Warm Chinook winds, a good horse and working with family are some of the many blessings this Alberta rancher counts.

Not much daunts Mary Beth Sibbald, not even calving when winter lingers. She and her husband, David, own and operate Triple S Red Angus Ranch between Calgary, Alberta, and the Canadian Rockies. Their son Dylan ranches with them, while son Adam is in college.

Each year they calve 450 cows, a mix of commercial and purebred Red Angus. The ranch’s spring bull sale, in its 45th year, attracts buyers from across North America. In 2017 the top seller hit $120,000. The Sibbalds’ sons are the sixth generation in Alberta since the family arrived by oxcart in 1874. As ranchers, the family has long supported the Calgary Stampede; David served on its board of directors and became president in 2017.

Born and raised in Absarokee, Montana, Mary Beth Sibbald attended Northwest College in Powell, Wyoming, getting an agricultural certificate in livestock production. At the Northern International Livestock Exposition in Billings, Montana, she met David and “decided to chase a Canadian.” They’ve been married and working side by side for 29 years.

Mary Beth Sibbald riding horse through Alberta pasture

THE FIRST RODEO I was in was a Little Britches Rodeo. I ran the pattern wrong, I was so nervous.
Going to the first barrel, instead of going on the left side of it, I went on the right. It was a disaster. But it didn’t deter me.

DURING CALVING season, you push through. You start at stupid o’clock and finish at stupid o’clock, and then you calve cows through the night. But you know there’s an end in sight, and you just do what you’ve got to do.

MY HUSBAND says no animal goes unloved here. Usually guys throw up their hands with a calf that’s not well or a slow starter. I move in and become the ranch mother. There are a few failures, but I have success stories walking around here. It keeps you going.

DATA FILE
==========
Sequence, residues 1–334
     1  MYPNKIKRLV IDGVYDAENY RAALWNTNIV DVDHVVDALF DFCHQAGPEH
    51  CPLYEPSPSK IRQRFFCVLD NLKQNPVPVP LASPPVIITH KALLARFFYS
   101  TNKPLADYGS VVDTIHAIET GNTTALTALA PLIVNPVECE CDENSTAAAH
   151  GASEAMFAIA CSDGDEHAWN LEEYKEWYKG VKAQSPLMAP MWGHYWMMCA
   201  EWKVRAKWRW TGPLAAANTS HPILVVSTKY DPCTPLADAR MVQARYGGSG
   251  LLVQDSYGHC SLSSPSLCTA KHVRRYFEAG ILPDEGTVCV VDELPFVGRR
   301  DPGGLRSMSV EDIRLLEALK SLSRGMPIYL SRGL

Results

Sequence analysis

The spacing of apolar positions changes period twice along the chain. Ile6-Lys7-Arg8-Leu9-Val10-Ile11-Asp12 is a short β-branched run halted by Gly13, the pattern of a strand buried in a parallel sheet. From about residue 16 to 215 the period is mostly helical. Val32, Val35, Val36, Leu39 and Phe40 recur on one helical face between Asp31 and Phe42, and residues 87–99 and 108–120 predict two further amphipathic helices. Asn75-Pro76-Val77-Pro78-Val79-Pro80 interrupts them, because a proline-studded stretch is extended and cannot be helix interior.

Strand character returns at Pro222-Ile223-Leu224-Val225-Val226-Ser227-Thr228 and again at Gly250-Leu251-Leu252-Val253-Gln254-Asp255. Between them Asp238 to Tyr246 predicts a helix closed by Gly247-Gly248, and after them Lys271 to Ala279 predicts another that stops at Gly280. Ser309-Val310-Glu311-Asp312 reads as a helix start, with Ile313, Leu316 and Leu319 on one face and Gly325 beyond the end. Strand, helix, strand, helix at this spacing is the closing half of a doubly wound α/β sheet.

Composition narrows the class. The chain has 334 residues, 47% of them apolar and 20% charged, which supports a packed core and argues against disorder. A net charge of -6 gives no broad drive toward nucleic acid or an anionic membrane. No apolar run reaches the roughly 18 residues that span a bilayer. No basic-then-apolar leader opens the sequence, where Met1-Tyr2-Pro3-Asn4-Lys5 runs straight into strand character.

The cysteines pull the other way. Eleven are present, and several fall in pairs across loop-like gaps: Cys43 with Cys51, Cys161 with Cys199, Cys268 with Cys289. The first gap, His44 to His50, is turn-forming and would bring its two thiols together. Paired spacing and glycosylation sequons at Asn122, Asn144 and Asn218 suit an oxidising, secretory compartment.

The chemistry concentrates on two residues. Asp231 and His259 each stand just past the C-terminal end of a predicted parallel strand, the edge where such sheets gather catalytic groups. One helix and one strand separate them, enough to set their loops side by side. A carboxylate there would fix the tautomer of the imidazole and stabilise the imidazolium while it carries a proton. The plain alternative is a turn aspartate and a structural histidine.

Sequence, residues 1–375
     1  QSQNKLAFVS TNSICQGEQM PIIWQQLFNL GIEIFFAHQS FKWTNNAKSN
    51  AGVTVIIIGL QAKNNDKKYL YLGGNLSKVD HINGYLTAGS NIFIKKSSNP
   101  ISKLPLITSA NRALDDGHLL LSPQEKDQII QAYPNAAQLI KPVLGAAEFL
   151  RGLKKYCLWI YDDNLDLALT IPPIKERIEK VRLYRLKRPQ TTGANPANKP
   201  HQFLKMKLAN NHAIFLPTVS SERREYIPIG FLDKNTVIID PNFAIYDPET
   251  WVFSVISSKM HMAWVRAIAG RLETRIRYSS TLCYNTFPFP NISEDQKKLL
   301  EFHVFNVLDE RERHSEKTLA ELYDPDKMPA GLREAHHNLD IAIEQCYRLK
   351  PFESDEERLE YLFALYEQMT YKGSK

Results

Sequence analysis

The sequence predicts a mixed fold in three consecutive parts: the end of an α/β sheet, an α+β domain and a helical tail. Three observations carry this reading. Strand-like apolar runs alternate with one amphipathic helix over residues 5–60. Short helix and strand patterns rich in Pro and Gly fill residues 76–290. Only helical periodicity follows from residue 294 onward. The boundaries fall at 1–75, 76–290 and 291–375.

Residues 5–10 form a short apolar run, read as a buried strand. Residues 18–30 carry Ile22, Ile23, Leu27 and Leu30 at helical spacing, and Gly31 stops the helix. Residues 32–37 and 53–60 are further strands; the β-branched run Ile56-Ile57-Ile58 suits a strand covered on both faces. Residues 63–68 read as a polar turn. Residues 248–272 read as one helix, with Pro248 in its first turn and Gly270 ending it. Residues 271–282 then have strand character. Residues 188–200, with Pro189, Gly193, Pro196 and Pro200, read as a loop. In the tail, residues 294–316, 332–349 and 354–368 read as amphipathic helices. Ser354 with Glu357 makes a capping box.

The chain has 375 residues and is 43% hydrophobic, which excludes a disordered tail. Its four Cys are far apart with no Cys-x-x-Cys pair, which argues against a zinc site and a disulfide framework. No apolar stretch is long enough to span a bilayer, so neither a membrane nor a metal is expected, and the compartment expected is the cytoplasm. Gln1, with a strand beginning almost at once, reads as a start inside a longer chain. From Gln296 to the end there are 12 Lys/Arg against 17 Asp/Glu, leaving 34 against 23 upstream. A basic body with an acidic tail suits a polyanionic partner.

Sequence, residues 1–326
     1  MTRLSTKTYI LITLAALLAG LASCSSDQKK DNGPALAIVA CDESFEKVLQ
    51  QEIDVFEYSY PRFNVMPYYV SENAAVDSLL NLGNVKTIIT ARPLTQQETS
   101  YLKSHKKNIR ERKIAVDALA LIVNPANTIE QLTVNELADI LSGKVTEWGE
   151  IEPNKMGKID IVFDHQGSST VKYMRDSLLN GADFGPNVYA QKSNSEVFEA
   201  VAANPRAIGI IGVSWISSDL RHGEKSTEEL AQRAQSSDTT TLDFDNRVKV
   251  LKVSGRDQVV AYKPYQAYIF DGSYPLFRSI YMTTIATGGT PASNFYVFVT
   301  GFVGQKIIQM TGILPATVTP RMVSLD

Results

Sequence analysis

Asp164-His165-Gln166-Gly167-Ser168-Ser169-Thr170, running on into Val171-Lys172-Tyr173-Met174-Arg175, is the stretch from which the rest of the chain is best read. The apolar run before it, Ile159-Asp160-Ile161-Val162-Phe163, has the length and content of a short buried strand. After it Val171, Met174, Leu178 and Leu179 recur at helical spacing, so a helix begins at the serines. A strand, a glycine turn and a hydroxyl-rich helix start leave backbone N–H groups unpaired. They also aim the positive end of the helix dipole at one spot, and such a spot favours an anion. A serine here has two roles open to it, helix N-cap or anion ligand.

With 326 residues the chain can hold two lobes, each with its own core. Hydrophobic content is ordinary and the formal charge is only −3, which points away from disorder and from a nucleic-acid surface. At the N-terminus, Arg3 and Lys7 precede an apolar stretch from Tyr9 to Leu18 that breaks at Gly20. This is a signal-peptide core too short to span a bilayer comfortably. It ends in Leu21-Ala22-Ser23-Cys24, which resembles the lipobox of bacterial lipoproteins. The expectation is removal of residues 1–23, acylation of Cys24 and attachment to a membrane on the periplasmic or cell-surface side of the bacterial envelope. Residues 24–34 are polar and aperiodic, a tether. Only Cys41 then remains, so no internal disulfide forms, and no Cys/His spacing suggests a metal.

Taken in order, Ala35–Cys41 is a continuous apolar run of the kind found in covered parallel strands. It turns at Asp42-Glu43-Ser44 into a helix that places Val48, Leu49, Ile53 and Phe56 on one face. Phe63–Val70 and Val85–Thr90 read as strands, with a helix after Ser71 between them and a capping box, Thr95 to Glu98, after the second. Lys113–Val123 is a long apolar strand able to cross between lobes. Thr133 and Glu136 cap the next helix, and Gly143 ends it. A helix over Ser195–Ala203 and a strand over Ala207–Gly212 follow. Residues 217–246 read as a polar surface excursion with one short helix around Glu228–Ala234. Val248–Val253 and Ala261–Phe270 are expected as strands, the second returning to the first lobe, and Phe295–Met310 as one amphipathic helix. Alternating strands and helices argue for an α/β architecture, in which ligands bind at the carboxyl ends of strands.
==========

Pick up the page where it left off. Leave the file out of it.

I LIKE AI SEASON. You’re on your horse, out with the cows, watching for heats; it’s peaceful. We ride through several times a day. It’s a teaching opportunity for these younger horses, too—just because we’re in the herd doesn’t mean we’re doing something to them. We can relax.

“DOC” IS INCREDIBLY COWY. He doesn’t get worked up, and the cows don’t get worked up. When we’re in the mountains, he is as surefooted as a Billy goat. But he’s the worst horse in the world to ride out for pleasure. If we don’t have a purpose, he’s wondering what we’re doing.

AT NAPTIME it was time for me to clean the barns. I’d bring the diesel truck up here and put the boys in their car seats, and they’d sit there and sleep. I’d be mucking stalls, and I’d go out and check on them.

IF [THE BOYS] started something and decided they didn’t like it, I said, “You’ll finish it. You can choose not to do it again, but you are not allowed to quit.” They probably thought I was the meanest mother on the face of the earth! That’s okay; I think they learned a lesson.

WHEN DAVID got on the [Calgary Stampede board of directors], we understood that as a family it was a huge commitment. We’ll be in the thick of something and he’s got to go to a 2 p.m. meeting. But it’s okay. He might be the president, but we’re all volunteers—we pick it up so he can go.

SUMMERTIME is my favorite [season]. I have a big garden full of vegetables and a freezer full of beef, so I don’t have to go to town. I do have to go buy coffee and cream every once in a while.

YOU JUST WANT to make [the ranch] better for the next generation. You want your kids to have a better life than you had. Not saying that we had a poor life. You just want it better for them. That’s what our parents wanted.

This article was originally published in the July 2018 issue of Western Horseman magazine.

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